Sunbeam Snakes: Xenopeltidae
The two species of sunbeam snakes—the common sunbeam snake and the Hainan sunbeam snake—are among the world's most beautiful snakes. Their metallic-looking bodies shine different colors depending on how light bounces off them. When a sunbeam snake is in the shade, its back looks dark purplish brown or black, but when it slithers out into the sun, the large scales on its back and head erupt into a wave of color. Like a raindrop can bend sunlight to create a rainbow, this snake has scales that reflect sunlight into many colors. This property is called iridescence (IH-rih-DEH-sense). In fact, another common name for this snake is the iridescent earth snake. Young snakes, which are also iridescent, often have a white patch, or collar, on the upper neck.
Adults have slightly flattened bodies that are white, light gray, or light yellow on the bottom. The light color also extends up onto the lip scales. Sunbeam snakes have very small eyes on a head that is about the same diameter as the neck, so the head is not as obvious as it is in vipers, pythons, and many other snakes. The head flattens out toward the snout, giving it a wedge shape suited for digging. The skeleton also has some interesting features. The bone in the front of the upper jaw has teeth where most snakes do not. The snake's teeth are also all hinged at the base, rather than more firmly attached to the jaw bone, so they can wiggle back and forth a bit without falling out.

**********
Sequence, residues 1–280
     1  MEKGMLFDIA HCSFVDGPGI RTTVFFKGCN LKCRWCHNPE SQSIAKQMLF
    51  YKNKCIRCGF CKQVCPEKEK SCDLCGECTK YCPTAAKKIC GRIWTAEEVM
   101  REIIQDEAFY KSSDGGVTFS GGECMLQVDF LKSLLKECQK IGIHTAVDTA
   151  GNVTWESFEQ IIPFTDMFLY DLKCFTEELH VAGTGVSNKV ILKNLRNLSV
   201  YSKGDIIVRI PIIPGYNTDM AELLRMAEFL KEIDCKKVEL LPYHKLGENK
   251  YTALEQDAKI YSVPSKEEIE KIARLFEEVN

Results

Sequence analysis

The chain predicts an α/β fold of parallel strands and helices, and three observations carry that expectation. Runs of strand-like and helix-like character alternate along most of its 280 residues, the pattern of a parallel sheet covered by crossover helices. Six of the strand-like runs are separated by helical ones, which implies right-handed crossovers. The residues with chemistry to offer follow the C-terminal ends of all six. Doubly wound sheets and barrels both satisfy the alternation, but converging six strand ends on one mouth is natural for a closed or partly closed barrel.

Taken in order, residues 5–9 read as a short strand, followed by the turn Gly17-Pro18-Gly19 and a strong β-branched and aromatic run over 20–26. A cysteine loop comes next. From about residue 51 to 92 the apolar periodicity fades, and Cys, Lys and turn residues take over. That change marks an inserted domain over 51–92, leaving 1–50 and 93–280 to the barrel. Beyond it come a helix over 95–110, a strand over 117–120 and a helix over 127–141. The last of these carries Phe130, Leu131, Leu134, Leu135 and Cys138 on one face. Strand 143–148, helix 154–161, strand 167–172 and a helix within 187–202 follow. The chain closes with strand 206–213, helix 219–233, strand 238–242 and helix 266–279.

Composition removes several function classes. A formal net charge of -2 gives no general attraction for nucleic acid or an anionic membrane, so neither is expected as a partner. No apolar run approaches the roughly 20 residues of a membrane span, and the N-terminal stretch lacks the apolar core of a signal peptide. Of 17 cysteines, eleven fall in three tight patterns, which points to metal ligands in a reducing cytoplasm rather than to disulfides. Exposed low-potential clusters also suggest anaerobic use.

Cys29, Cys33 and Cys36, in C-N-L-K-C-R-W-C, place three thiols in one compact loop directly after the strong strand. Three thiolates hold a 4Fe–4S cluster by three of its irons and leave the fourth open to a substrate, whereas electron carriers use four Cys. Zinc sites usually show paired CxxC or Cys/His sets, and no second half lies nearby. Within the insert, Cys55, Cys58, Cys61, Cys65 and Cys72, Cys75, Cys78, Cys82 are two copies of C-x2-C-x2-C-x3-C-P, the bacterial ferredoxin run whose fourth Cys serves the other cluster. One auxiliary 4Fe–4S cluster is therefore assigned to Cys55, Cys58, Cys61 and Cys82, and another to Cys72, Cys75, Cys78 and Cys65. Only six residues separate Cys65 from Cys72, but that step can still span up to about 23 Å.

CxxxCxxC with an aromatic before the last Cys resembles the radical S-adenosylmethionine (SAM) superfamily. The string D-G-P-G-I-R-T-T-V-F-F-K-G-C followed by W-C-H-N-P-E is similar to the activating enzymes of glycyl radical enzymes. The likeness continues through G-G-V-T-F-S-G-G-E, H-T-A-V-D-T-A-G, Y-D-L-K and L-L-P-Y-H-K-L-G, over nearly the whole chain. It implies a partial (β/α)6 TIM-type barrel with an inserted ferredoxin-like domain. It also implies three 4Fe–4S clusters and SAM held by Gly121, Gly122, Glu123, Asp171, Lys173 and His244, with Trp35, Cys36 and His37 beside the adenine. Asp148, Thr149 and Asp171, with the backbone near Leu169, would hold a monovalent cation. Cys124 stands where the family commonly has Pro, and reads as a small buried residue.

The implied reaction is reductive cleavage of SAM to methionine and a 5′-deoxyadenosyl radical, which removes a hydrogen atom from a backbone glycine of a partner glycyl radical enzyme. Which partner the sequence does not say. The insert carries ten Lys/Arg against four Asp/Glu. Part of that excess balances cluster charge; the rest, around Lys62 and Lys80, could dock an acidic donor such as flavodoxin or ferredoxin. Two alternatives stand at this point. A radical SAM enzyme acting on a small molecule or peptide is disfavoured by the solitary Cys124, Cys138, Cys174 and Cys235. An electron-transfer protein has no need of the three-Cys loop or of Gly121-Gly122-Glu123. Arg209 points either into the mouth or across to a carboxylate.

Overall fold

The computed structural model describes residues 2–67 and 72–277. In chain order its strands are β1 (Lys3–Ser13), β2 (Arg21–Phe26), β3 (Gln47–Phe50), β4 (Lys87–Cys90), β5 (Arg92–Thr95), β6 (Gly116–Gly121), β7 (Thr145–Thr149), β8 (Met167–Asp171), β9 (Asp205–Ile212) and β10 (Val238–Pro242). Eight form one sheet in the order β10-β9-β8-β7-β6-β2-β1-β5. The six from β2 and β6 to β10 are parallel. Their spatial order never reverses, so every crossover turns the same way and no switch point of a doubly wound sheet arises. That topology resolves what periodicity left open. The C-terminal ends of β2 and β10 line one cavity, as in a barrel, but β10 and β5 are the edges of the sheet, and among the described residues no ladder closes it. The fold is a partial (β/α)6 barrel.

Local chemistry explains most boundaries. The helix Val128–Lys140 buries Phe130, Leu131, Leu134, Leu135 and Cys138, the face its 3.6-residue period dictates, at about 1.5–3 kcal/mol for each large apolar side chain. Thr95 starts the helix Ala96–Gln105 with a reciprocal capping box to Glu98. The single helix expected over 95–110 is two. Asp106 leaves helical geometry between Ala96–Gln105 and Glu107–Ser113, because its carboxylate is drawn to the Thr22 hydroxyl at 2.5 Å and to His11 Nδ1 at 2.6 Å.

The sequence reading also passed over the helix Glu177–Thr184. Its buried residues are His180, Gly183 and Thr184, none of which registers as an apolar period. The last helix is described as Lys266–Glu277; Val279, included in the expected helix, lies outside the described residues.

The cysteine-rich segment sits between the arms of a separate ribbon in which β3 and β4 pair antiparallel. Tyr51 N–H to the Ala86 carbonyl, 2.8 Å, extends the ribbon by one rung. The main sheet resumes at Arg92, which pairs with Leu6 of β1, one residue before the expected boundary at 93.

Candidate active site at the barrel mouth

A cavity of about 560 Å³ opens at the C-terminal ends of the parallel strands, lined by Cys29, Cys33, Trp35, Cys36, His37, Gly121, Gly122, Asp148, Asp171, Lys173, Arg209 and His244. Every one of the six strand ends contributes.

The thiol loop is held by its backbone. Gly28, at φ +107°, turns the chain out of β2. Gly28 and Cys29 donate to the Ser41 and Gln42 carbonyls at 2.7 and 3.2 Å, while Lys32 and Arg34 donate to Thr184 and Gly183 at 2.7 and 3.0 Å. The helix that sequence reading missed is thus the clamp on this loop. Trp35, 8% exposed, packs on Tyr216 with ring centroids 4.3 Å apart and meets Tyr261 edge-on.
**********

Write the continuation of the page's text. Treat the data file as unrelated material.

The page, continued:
Adults usually reach about 2 to 3 feet (0.6 to 0.9 meters) in length. The tail makes up about one-tenth of the body's total length. In snakes, the tail begins at the vent, a slitlike opening on the belly side.
Animal Life ResourceDinosaurs, Snakes, and Other ReptilesSunbeam Snakes: Xenopeltidae - Physical Characteristics, Diet, Behavior And Reproduction, Sunbeam Snakes And People, Common Sunbeam Snake (xenopeltis Unicolor): Species Account - GEOGRAPHIC RANGE, HABITAT, CONSERVATION STATUS